______

It was great to see Nigel Wingrove interviewed here but, while it gets alluded to a few times, it never really gets officially mentioned that he ran Redemption Video. Someone really needed to interrogate him about his naughty nun obsession, as Redemption Video's catalogue was full of all the 70s nunsploitation titles! From The Sinful Nuns of Saint Valentine and Flavia The Heretic to Behind Convent Walls! Maybe it was a way to keep needling the BBFC by submitting naughty nuns to them in the wake of the rejection of Visions of Ecstasy? I think more likely it was just a particular subgenre that Wingrove liked!

This documentary doesn't get into it too much, although it alludes to it, but there was apparently a culture in the BBFC that if you did not provoke them you could often sail through the classification process relatively unscathed. But if you continually provoked them, as it seems that Wingrove did with the kind of titles that Redemption Video were putting up for classificiation, then they would get heavier cuts and even outright rejection. I still have the Shivers horror magazine from 1996 which did a four issue feature running through all of Redemption's video titles up to that point and detailing all of the cuts made to them, which would range from minor (three seconds from Cannibal Man) to major (three or four minutes from Requiem For A Vampire and The Living Dead Girl). I didn't really follow Redemption into the porn titles that they released that get discussed in the documentary (in the early 2000s I was moving much more into beginning to import films from the US and getting into Criterion. My first Criterion being Flesh For Frankenstein! So horror fandom can lead you into whole new worlds of foreign language and arthouse cinema!), and wasn't particularly interested in their 70s sex film line under the Jezebel label, but do remember that one of the major events in 1996-7 was Redemption having Jess Franco's women in prison movie Bare Behind Bars totally rejected by the BBFC, and then appealing that decision. I don't think it worked but they were at least trying.

On that note, another lesser known company that might be worth bringing up is the sad fate of the Exploited label, run by David Gregory, which had the unfortunate timing of turning up in the late 90s and being successful in the VHS arena just when everything was shifting over to DVD. Their label had very ambitious plans and indeed released only slightly edited versions of Deranged, and completely unedited and correct aspect ratio versions of Bill Lustig's Vigilante and Bob Clark's Dead of Night and Children Shouldn't Play With Dead Things (the latter even including DVD-style interviews with Alan Ormsby after the feature), editions that I still treasure to this day. They also tried moving into documentaries with The Killing of America and Hated: GG Allin And The Murder Junkies. However they had major troubles with Ferman and the BBFC when they wanted to put out The Texas Chain Saw Massacre and were told that it was impossible and had their plans completely rejected. Even contextualising documentaries to help the release were rejected. And then a year or so later, Ferman was gone and another company got The Texas Chain Saw Massacre through the BBFC completely unedited for DVD release, which completely nullified their plans. So it seems that David Gregory's Exploited label got unfairly messed up by the Ferman issues and the changing policies of the BBFC.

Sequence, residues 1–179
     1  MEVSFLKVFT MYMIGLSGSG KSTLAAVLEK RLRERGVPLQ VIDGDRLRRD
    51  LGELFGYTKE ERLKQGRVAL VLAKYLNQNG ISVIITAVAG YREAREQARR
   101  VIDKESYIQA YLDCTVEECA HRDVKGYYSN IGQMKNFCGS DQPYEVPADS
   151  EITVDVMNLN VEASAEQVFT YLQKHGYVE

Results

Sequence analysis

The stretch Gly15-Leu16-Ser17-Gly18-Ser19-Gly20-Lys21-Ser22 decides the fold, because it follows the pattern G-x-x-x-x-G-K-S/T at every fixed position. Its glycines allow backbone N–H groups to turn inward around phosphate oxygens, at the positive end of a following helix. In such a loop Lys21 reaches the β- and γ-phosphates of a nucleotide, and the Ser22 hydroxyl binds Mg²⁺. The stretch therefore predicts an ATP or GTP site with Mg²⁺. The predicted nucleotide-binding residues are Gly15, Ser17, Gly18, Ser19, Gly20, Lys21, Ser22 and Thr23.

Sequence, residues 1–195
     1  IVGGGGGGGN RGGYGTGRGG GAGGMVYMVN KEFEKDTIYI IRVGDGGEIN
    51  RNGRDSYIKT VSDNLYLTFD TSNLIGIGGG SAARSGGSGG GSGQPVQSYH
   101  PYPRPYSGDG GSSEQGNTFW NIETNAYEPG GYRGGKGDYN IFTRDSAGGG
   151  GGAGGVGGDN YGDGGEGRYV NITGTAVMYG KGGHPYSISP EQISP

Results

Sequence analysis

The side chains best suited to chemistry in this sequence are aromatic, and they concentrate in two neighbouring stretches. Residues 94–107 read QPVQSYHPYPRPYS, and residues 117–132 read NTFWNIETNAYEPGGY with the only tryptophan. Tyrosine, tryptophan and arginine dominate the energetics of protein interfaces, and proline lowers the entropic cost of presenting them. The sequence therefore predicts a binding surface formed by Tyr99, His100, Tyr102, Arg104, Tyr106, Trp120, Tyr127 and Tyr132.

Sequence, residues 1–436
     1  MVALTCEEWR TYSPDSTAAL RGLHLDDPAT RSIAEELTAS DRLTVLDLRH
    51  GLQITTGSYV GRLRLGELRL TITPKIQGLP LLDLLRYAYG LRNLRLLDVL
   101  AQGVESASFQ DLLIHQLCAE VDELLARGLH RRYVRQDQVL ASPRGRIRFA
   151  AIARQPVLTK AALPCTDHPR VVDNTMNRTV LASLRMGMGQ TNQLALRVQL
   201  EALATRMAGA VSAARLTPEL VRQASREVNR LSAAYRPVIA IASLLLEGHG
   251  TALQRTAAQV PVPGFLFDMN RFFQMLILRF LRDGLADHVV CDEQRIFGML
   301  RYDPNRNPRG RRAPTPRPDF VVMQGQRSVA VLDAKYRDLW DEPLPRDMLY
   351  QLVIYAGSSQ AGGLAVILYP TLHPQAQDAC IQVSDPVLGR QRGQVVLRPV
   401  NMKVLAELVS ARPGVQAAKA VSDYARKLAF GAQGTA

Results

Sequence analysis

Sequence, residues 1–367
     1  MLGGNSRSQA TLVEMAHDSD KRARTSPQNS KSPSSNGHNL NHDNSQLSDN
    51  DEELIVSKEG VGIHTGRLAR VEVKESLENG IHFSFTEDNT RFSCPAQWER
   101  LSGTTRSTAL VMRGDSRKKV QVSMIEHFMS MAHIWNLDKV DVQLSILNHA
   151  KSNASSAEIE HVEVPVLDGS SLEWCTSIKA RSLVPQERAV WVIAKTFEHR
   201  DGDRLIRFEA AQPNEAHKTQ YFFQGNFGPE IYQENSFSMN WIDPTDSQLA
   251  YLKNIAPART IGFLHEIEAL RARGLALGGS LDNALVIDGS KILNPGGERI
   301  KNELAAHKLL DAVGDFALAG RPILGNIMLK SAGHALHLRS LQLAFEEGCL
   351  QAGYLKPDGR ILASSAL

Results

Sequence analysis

Anyway, back to Redemption. Lest you think that Redemption Video just put out 70s nunsploitation and gory horrors, they also released Witchfinder General (albeit with a couple of scenes in an alternate 'topless' European version), Fritz Lang's M, Victor Sjostrom's The Phantom Carriage and The Monastry of Sendormir, White Zombie and Haxan. Not to mention Clive Barker's avant garde shorts to celebrate their 50th release (yes, they numbered their VHS tapes, Criterion-style!) So there were a few genuine novelties and older classics together with the 70s exploitation. That was actually something that their video covers, often composed photographic shots of models doing something vaguely related to the movies in question, helped to disguise. All the covers were done in Redemption's house-style, so it would only be a quick check of the stills and text on the back that would distinguish a 20s Sjostrom from a 70s Jean Rollin!

I wasn't cool enough, or hip to that world enough, for the fanzine culture that gets described later in the film but in the mid to late 90s living in the middle of nowhere (where I still am!) I began buying mail order videos through companies who would send printed catalogues of available titles out through the post in a similar way described. I credit an interest in wanting to see weird and strange horror films that would never show up in my local store or on television as my gateway into the wider world of cinema as a whole. I was familiar with a lot of the arthouse titles from television screenings, but to see evocative titles such as Orphee jostling against titles such as Killer Nun, as the Redemption catalogue jostled against labels releasing blacksploitation or anime or Hong Kong action, or the BFIs and Artificial Eye's releases, there seemed like a whole range of diverse cinema out there to dip into an explore.